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The Pattern is Pixelated Heart by the amazing Blue Elephant Stitches. I hope the happy couple love this sweet pattern as much as I do!

This is her quilt, made with low volume fabrics instead of white fabrics (I didn’t have the budget for that) – it is utterly stunning!image

You can find her blog and “how to” for this pattern here: http://blueelephantstitches.blogspot.co.uk/2012/11/pixelated.html

She is SO talented, seriously you should look at her blog. And so generous – look how she breaks down this quilt for us to make it easier to sew as blocks rather than strips! And she invented the granny squares quilt, which is on my to do list. I love her work.

I had 2 rouenneries Deux charm packs – a beautiful collection from French General for Moda. I cannot get over how much I love French General fabrics, rich yet muted, classic but not old-fashioned, very very French.  I didn’t want to cut too much away from the charms but 5” charms were just going to make too big a quilt (again for budget). So I cut them to 4.5” – this quilt finishes at about 54” square.

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You can see the construction of mine best on this photo (top in progress). Obviously because I was using white fabric rather than low-volume fabrics as contrast, I didn’t need to sew the whole quilt as 4.5” squares, which saved time (another thing I didn’t have). It used 71 printed fabric squares and 40 white squares. I sashed it as above but then decided it needed a border, so I cut the sashing to 2.5” on the sides and 5” top and bottom… image

Then added a 2.5” red border from Rural Jardin which I had in stash. Definitely better.

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Stipple quilted – much as I like to experiment, there are reasons why classic quilting is classic, and I thought for a quilt like this I should go down that route. Had I used low-volume fabrics, straight line quilting would have worked, but I really think something as simple as this needs texture from the free-motion line, don’t you?

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Just LOOK at those scrumptious fabrics. It makes me want to go eat strawberry cream patisserie. New Year. Must. Resist.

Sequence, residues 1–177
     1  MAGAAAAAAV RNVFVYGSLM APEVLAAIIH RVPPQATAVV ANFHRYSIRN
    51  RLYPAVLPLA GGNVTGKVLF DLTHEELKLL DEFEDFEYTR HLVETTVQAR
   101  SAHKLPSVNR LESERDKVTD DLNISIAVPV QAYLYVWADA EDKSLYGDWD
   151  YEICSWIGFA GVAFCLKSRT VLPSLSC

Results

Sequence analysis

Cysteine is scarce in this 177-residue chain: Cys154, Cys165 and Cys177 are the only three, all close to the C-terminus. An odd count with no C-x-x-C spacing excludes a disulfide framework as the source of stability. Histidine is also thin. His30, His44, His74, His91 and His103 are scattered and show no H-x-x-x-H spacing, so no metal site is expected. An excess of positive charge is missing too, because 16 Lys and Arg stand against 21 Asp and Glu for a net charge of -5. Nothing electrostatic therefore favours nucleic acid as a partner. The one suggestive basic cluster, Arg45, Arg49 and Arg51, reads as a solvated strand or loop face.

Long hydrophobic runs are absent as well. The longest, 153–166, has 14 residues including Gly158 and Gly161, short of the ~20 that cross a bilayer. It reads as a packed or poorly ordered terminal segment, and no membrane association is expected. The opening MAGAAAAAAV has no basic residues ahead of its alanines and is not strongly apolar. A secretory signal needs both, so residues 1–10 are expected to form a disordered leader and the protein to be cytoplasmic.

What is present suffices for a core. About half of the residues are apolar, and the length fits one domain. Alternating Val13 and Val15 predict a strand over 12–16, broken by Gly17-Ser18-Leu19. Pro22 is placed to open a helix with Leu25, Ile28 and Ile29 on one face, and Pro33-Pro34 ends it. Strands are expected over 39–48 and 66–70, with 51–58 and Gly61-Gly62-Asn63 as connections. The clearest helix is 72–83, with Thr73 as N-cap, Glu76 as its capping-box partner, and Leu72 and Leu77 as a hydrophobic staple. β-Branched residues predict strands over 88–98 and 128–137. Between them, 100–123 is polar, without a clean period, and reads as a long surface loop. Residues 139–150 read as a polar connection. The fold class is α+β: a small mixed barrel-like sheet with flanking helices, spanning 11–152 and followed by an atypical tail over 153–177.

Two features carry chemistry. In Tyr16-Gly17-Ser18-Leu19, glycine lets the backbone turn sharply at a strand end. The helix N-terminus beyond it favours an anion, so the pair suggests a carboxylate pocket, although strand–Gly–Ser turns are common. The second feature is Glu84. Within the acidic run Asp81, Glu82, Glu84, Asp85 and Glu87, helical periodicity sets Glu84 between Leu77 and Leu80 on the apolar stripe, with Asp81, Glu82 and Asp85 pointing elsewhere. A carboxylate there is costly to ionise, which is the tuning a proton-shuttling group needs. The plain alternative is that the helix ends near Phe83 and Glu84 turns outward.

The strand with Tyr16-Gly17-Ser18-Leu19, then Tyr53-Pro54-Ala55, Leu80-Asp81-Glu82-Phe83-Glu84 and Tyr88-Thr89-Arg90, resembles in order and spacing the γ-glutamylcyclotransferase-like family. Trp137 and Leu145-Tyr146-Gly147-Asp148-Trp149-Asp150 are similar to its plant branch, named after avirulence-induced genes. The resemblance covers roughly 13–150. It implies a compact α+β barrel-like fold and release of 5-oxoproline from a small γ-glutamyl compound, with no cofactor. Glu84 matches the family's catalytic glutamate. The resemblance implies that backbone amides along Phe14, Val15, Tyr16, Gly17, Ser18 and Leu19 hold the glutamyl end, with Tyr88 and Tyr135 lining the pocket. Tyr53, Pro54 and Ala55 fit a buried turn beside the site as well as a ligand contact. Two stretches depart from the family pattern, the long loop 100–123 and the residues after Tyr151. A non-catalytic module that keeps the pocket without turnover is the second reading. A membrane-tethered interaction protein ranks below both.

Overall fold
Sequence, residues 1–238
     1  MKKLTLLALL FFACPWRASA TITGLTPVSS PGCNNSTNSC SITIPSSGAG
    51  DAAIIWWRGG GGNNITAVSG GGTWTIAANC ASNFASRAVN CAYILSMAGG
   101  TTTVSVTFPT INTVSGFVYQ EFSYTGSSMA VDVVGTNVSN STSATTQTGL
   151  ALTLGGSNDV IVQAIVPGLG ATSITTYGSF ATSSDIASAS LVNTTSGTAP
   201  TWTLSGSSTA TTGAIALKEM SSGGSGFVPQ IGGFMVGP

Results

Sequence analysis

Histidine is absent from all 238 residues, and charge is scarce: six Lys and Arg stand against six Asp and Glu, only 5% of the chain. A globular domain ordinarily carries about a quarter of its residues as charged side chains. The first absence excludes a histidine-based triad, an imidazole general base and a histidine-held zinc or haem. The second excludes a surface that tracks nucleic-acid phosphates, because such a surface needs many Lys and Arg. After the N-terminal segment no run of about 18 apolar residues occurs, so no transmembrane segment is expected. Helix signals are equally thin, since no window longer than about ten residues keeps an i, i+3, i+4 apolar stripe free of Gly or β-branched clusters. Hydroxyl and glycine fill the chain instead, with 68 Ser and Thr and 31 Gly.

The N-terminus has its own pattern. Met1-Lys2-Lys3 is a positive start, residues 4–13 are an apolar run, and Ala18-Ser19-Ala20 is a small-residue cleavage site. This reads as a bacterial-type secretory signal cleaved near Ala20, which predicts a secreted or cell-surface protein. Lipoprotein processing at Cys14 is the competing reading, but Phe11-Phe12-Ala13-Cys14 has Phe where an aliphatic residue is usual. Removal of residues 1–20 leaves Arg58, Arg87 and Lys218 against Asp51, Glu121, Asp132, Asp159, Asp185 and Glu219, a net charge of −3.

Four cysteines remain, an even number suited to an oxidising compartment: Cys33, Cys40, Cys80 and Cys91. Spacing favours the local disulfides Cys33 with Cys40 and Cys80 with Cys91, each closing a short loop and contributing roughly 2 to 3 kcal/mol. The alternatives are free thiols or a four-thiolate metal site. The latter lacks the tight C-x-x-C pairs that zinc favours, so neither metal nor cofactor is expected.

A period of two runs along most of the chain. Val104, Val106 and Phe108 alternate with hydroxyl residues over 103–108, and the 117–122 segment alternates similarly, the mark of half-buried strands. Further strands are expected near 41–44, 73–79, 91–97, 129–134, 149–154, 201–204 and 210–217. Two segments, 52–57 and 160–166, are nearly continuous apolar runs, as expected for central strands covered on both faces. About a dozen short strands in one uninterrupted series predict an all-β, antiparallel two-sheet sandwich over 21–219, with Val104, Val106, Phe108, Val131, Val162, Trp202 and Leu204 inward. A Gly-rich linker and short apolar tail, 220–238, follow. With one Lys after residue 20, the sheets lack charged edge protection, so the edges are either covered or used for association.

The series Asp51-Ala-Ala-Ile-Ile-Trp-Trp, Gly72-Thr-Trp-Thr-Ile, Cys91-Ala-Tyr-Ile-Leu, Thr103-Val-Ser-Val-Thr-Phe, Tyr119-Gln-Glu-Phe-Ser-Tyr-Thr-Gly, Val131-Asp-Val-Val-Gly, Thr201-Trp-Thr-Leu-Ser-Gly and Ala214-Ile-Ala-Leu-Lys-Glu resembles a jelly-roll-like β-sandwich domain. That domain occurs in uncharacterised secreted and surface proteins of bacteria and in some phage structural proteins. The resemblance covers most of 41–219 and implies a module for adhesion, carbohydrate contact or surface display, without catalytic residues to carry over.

What I really like about this is the size, the fabrics and colours, but mostly the fact that although it’s a heart, it’s not too cheesy – and when you fold it up or use it, it looks like a pretty patchwork quilt; it’s only when you spread it out and look from a distance that you see what it is. Perfect for a wedding gift for this loved-up pair apparently. Ahhhh.

Argghh, can’t seem to get this picture to orient the right way. Tilt your head to the right to see what it looks like draped over a box, and you’ll see what I mean about not knowing it’s a heart.

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Quilted with my favourite Quilter’s Dream Orient batting.

Things I don’t like about the quilt:

1. There is not quite enough white space aroung the heart. This was a budget / size thing for the backing and batting.

2. Budgetary concerns meant it has a plain white backing – it’s perfectly nice, but not as wonderful as it could have been and what the fabrics deserved.

3. It’s not for our house. Aye, there’s the rub. This quilt is designed and made for the happy couple but I don’t actually know the octogenerians in love, although I would like to. But the idea of a quilt in their new home signifying their love made me think about the pillowcases I’ve been meaning to make for my own son for ages. About how when I joked that a tiny baby quilt I was making was for him, he was actually disappointed that it wasn’t (even though it was tiny and completely unlike his tastes, I thought he would laugh!). It has shown me that I need to clear the decks and do selfish sewing for the next 6 months; make all those things for us that I need to, sew new buttons onto my coat etc. When you decide to sell a few things to fund your hobby, it seems that  hobby can inadvertantly grow legs, arms, and heat-seeking missiles and take over your life when it wasn’t supposed to. I guess everyone assumes you want to make a living from it eventually, so think they’re being helpful by recommending you etc – and whilst it’s SO flattering and lovely, you have to be careful. Particularly with deadlines when you’re well overdue making pillowcases with stars and trucks on. If you made a living from your hobby, it wouldn’t be a hobby would it? I definitely need to learn to say no for a while! Sometimes.

Oooh a random outburst. Must be New Year 😉

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And with that, may your 2015 be productive, happy and creative. May we all learn to say “no” once in a while.

’til the next time,

Poppy

xx